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Strategy consulting: What’s going on behind the facade?
Walk down the main street in Noto, in south-eastern Sicily, and you’d be forgiven for thinking you’re in one of the Baroque capitals of Europe, not a relatively modest city of just 24,000 people. Ornate façades, studded with balconies, line the sides of the street; wide steps sweep up to the cathedral doors. But turn any corner and you start to realise that it’s more like a film set, an architectural veneer in front of unremarkable streets.
There’s always a risk in taking a metaphor and stretching it too far, but I do think there’s a parallel here with strategy consulting, about which we’ve just published a new report. Strategy is the baroque jewel of the consulting industry, consulting at its most complex and decorative, where utility is sometimes overwhelmed by the desire to put just one more flourish in your PowerPoint deck. By comparison, operational improvement work is a sturdy Romanesque style, and technology consulting positively Bauhaus. But, our report argues, behind the glorious edifices of strategy consulting, the reality is increasingly Noto-like.
Strategy consulting is being pulled in three directions. We’ve written much on this blog around the extent to which all forms of consulting work are being cannibalised by clients’ thirst for digital transformation work—and strategy is no exception. Indeed, we estimate that 45% of what has conventionally been termed “strategy” has now been re-badged as transformation, a higher proportion than for any other service line. But our interviews with clients also reveal the extent to which data and analytics is pulling strategy work in a different direction, and the growing importance of implementation. These three areas—digital transformation, data and analytics, and implementation—are collectively hollowing out what we’ve traditionally called “strategy” consulting. Like Noto, the main street of strategy consulting may still look gorgeous, but there’s not much more to it than a facade.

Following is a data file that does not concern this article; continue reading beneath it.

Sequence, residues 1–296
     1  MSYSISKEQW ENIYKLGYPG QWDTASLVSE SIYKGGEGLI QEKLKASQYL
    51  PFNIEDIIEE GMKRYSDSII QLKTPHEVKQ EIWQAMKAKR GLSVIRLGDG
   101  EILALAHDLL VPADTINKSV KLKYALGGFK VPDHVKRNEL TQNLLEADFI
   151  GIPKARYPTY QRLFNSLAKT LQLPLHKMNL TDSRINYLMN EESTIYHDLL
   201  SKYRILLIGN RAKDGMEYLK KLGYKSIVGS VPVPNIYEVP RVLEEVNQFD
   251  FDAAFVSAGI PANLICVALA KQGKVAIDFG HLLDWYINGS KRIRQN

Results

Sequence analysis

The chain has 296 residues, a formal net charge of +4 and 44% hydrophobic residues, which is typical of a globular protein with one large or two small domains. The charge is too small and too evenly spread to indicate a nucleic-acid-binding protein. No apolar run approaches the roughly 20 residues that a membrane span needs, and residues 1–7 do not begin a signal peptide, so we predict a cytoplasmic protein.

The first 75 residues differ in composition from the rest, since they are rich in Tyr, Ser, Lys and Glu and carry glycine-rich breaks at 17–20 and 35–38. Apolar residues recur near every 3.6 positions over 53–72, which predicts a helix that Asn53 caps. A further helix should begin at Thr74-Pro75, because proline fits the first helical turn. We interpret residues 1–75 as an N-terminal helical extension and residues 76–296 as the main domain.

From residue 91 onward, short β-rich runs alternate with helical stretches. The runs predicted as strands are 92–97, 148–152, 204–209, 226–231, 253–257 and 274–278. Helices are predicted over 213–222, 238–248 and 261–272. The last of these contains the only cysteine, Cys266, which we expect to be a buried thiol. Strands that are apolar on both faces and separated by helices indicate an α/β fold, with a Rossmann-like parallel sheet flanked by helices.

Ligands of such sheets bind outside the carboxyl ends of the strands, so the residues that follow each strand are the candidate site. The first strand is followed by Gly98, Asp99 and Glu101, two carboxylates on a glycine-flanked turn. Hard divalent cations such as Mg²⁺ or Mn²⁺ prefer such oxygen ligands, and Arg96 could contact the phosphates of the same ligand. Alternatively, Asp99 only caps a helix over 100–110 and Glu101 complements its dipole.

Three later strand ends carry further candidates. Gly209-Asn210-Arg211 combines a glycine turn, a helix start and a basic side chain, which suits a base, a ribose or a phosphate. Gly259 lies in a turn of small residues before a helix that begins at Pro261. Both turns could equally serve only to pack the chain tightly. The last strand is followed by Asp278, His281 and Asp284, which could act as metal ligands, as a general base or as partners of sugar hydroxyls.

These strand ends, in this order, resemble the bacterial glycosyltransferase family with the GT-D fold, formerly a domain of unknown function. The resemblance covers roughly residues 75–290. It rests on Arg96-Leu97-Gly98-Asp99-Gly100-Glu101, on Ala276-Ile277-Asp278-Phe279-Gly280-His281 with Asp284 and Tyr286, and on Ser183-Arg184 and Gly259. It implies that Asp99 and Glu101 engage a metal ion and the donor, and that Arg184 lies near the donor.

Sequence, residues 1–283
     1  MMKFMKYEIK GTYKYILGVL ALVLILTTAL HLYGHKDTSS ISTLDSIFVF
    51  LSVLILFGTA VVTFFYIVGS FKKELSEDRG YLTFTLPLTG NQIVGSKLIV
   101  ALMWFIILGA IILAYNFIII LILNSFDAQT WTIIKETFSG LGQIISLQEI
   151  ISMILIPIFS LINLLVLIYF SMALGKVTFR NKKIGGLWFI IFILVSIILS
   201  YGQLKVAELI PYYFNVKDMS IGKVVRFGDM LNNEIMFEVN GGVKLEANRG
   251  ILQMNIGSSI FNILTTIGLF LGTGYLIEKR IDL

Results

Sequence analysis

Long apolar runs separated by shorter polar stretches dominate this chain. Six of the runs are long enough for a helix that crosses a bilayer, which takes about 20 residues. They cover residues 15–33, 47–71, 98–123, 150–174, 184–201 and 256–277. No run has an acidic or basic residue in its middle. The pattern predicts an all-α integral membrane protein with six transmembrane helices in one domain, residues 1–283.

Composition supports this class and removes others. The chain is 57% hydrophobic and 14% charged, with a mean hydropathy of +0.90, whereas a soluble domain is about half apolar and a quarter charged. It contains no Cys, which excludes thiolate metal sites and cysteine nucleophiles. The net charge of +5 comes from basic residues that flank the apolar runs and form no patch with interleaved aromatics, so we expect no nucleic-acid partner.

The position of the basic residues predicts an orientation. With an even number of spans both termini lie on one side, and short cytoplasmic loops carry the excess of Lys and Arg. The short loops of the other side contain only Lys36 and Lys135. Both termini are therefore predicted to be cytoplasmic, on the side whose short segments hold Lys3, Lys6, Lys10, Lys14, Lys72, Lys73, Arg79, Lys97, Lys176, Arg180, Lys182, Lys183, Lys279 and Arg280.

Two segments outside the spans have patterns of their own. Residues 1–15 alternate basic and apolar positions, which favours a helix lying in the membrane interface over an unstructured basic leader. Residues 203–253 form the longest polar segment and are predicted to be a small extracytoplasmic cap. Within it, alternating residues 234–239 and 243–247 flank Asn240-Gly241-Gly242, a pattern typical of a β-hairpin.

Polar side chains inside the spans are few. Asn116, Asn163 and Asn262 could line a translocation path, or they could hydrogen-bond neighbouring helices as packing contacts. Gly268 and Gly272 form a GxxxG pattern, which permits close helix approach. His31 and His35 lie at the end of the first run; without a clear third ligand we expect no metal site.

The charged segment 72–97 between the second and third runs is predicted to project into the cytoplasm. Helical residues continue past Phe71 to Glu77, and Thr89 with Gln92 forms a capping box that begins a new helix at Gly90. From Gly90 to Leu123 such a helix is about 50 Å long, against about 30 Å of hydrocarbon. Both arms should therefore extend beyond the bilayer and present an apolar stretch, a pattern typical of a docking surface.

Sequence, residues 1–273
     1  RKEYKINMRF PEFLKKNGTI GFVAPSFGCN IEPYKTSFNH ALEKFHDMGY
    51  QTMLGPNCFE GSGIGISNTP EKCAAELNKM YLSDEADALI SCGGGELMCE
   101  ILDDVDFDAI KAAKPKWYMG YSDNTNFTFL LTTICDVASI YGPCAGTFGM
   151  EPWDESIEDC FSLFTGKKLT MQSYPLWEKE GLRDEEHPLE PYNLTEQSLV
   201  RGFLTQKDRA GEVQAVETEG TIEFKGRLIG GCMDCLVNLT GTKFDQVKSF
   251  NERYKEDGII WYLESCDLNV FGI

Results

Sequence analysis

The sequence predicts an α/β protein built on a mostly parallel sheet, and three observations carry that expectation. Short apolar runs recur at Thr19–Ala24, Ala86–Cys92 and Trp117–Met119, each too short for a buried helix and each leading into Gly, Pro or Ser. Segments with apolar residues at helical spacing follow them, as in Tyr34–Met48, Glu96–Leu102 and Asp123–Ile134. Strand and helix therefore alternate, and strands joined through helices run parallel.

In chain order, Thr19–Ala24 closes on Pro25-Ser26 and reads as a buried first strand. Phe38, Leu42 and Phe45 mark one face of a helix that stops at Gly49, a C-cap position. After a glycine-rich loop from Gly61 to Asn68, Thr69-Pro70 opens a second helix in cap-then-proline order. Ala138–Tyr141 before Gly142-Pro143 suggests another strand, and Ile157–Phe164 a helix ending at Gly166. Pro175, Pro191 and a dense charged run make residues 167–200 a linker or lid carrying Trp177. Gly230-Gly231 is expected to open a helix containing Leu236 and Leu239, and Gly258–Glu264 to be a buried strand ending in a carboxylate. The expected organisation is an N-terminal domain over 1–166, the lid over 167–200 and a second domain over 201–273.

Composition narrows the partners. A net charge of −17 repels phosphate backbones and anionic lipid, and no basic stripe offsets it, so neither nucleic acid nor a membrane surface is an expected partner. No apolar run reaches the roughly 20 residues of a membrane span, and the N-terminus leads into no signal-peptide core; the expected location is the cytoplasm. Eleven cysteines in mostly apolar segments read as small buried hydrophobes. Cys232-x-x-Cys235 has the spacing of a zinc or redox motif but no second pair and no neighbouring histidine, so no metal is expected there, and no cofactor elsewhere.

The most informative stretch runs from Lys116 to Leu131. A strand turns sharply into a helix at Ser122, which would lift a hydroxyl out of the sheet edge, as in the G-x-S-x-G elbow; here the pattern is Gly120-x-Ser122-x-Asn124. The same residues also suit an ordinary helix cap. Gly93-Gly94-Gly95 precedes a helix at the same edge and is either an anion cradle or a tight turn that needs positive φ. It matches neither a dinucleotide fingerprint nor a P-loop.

So, is that it? Is the answer to the question we pose in the report, “is there a future for strategy consulting?”, a simple no? Well, no, because nothing in consulting is ever simple, is it?
Strategy becomes, we think, more about the how, and less about the what. No amount of hollowing-out can eradicate the need organisations have for objective advice and creative thinking, delivered by people who are smart enough to know that at least part of the value they add is in making things happen quickly. In the future, when someone says they’re doing strategy—whether they’re a consultant or work client-side, this is what they will—or should—be talking about. And that’s what strategy firms of the future will—or should—be delivering: Individuals and small teams of people who can weave together digital technology and transformation and analytics with execution, and to do that imaginatively and rapidly. What the names on the front door of those firms will be is, frankly, anyone’s guess.